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Fill-in closer Brad Lidge overcame a ninth-inning triple yesterday to earn his first save.
This, however, wasn't like any of those previous save opportunities. This was Lidge's first time pitching in a Nationals uniform, and only the second time he'd been entrusted to close a game in two years.
Did that make the whole scene yesterday afternoon feel out of the ordinary?
"It felt pretty familiar, to be honest," the 35-year-old said. "I think once you get out there and you're facing the Cubs at Wrigley, you go back to facing the Cubs at Wrigley. It's a different team, of course, and the guys behind me are different. But I know what I wanted to do out there, and you kind of just fall back on what you believe is going to work."
For the most part, what Lidge believed was going to work indeed worked. He recorded the necessary three outs, preserved the Nationals' 2-1 victory over Chicago and emerged with his first save while wearing anything other than a Phillies uniform in five years.
There was, unfortunately, one significant hiccup along the way, one that nearly spelled disaster for the Nationals. After striking out Reed Johnson to open the ninth, Lidge left a fastball out over the plate to Ian Stewart, who belted the ball to right field.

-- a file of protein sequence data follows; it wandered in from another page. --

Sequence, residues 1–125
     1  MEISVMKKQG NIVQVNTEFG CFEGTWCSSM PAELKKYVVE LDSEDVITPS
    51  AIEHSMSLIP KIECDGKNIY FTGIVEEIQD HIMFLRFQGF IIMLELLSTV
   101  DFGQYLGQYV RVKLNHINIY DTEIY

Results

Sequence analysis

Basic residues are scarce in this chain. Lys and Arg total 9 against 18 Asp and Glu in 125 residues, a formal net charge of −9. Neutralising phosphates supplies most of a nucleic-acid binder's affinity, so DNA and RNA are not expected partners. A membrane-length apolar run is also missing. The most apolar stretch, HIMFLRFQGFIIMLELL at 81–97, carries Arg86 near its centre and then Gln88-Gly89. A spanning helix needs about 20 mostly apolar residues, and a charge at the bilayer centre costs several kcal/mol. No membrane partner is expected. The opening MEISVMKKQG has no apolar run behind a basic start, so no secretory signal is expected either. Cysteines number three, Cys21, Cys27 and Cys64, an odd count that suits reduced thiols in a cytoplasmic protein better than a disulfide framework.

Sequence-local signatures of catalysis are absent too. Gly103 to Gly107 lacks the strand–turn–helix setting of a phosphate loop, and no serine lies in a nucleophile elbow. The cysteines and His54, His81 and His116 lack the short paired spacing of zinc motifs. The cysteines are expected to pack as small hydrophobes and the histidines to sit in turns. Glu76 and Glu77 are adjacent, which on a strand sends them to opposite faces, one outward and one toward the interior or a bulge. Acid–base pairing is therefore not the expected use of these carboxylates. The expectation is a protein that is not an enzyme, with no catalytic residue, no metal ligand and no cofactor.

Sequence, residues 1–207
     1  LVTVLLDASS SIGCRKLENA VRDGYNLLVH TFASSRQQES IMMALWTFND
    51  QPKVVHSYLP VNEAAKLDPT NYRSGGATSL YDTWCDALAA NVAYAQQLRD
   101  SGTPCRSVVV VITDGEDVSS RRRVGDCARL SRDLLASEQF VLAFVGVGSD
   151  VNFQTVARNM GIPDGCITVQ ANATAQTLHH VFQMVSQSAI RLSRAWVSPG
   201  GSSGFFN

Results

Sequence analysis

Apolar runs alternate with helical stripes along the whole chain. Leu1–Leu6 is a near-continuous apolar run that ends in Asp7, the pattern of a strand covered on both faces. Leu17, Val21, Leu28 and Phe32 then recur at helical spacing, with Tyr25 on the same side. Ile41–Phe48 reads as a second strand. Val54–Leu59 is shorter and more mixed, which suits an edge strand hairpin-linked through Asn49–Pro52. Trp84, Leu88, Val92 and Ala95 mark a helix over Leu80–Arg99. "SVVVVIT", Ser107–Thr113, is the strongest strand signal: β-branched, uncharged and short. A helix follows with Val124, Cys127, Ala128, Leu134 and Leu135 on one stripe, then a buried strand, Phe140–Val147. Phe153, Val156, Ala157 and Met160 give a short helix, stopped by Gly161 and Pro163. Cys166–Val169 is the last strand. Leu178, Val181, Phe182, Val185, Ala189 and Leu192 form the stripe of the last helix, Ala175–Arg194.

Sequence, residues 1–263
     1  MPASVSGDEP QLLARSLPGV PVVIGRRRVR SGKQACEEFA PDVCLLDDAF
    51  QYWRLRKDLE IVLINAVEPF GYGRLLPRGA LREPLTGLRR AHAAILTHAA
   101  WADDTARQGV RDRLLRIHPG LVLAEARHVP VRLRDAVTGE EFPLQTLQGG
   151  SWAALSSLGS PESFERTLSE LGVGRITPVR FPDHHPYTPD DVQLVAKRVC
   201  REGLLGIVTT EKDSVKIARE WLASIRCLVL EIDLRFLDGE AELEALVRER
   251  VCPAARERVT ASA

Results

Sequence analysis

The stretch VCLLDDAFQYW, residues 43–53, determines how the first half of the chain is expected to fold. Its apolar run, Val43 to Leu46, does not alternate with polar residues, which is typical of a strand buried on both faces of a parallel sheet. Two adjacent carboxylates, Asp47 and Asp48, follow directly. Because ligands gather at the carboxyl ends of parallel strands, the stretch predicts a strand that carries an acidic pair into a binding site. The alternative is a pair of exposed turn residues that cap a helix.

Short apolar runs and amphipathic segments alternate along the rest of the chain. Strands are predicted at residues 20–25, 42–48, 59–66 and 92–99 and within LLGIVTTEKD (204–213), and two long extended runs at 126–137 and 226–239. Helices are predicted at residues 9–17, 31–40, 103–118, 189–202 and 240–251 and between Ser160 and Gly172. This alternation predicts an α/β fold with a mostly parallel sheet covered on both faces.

Lidge's immediate reaction was not one of worry. After seeing at least three sure home runs stay in the park thanks to a fierce wind blowing straight in from center field, he was convinced Stewart's ball would be caught by Jayson Werth.
"That's the one thing on a day like today: You can't hit the ball out of the park," he said. "That's what I'm thinking. And when he hit that ball, I'm like: 'Fine. He hit it, but that's not going anywhere.' And all of a sudden, I turn around and I see Werth drifting back, and I'm like: 'Oh my gosh, he really hit that ball pretty good.'"
Sure enough, the ball kept carrying toward the fence, sending Werth on a mad scramble to haul it in. The wind did prevent it from landing in the bleachers, but it also pushed it to the right and just past Werth's outstretched glove. By the time Werth corralled it and got it back into the infield, Stewart was sliding into third base with a triple.
Even then, Lidge was confident in his ability to keep the tying run from crossing the plate.
"At that point, I was like: 'Alright, I can get out of this now.'"
True to his word, Lidge did get out of it. He got Jeff Baker to chop a grounder to third, where Ryan Zimmerman made a nifty play on the ball and fired home to nail pinch-runner Joe Mather.
Moments later, Lidge caught Marlon Byrd looking at a 3-2 slider, ending the game and locking up his first save since August 3, 2011.
The man who recorded the final out of the 2008 World Series in Philadelphia hadn't experienced a situation like this in quite some time, but he harkened back to all those previous save opportunities to help him get through this one.
"I was just trying to tell myself to just take a step back, take a deep breath and throw strikes," he said. "Because you're going to have that extra adrenaline in that situation. Fortunately I've done it enough times where I know how to breathe and just relax and throw strikes. It's definitely a higher-intensity situation."